where , , , , are the moments of the transfer function. Specifically, in circuit simulation problems, is the DC solution of the linear system. This means that the inductors of the circuit are considered as short circuits, and the capacitors as open circuits. Moreover, is the Elmore delay of the linear model, which is defined as the time required for a signal at the input port to reach the output port. Finally, is related to the system matrices as:

(9) |

The goal of MM reduction techniques is the derivation of a reduced-order model where some moments of the reduced-order transfer function match some moments of the original transfer function .

Let us now denote the two projection matrices onto a lower dimensional subspace as and , respectively. These matrices can be derived from the associated moment vectors using one or more expansion points. As a result, if we assume that , then the matrices and are defined as follows:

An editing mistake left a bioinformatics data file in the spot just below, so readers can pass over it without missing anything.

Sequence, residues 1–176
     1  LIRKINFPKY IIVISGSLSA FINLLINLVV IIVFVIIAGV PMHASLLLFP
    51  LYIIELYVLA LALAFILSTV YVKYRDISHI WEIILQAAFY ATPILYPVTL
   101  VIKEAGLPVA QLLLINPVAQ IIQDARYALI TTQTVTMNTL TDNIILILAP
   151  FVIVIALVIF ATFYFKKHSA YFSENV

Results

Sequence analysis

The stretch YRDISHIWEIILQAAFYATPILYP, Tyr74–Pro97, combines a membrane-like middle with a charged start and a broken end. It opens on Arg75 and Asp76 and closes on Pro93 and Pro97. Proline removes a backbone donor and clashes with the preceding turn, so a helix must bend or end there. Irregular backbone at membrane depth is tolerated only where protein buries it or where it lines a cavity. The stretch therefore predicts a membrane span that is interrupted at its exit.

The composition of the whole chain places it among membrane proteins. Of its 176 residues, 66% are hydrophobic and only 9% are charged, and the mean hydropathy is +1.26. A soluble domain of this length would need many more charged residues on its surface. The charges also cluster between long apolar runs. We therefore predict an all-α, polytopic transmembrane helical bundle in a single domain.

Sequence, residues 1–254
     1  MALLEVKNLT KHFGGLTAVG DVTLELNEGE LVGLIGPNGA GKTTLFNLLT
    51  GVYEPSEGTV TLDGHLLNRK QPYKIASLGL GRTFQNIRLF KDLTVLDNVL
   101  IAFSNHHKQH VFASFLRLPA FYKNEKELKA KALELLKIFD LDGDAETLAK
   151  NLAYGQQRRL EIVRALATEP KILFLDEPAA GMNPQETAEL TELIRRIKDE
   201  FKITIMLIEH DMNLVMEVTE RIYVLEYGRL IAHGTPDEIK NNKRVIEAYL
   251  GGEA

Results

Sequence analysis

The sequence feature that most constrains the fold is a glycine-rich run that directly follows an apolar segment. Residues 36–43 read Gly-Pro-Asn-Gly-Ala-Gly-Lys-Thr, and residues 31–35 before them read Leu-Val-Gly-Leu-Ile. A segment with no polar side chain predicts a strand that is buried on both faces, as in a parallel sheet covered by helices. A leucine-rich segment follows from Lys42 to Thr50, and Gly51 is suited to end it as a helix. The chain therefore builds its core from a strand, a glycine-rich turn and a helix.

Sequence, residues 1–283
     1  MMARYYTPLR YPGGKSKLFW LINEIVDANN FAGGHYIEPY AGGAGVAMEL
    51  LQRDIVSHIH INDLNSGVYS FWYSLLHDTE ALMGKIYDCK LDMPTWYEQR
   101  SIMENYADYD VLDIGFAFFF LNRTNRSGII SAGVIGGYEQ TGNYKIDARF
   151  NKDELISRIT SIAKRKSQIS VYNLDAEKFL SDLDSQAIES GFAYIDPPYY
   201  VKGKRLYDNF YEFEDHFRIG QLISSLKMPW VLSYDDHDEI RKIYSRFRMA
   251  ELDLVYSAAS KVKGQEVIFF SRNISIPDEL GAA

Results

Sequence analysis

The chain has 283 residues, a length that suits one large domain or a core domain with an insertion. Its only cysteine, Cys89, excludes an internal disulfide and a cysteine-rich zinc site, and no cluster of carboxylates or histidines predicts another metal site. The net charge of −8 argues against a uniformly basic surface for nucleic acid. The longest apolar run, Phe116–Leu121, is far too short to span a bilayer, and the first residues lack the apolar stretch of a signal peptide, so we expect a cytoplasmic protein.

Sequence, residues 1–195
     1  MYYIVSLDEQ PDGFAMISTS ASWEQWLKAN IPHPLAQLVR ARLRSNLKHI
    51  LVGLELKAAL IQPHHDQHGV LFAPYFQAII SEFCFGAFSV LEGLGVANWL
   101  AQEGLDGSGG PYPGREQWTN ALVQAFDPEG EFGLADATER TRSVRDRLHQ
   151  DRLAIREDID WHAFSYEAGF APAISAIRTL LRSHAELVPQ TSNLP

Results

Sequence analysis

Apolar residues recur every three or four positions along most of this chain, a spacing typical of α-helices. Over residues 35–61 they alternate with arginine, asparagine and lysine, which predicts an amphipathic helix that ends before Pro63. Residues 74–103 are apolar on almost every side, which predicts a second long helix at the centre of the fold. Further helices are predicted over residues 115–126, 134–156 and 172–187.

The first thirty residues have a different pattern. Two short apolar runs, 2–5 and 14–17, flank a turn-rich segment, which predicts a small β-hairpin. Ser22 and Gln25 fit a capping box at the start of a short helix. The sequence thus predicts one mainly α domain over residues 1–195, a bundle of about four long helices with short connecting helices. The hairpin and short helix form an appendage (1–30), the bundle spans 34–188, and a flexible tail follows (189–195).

(10) | |||

The computed reduced-order model matches the first moments and is obtained by the following matrices:

(11) |

This reduced model provides a good approximation around the DC point. Finally, in case we employ an one-sided Krylov method, which is usually the case, the matrix can be set equal to , an equality that also holds for symmetric systems.

### Ii-B Handling of Singular Descriptor Models

In certain circuit simulation problems, the matrix

might be singular. A method for dealing with such models is to compute spectral projections onto the left and right deflating subspaces corresponding to the finite eigenvalues of the model, which is computationally prohibitive for large-scale systems. However, singular descriptor models typically result when there are some nodes, say

, where no capacitance is connected, leading to corresponding all-zero rows and columns in the submatrix . Note that in case the circuit contains no voltage sources, the submatrix of inductive branches is always nonsingular. If the nodes with no capacitance connection are enumerated last, and the remaining nodes first, then (1) can be partitioned as follows:(12) | |||

where , , , , , , , , , , , and .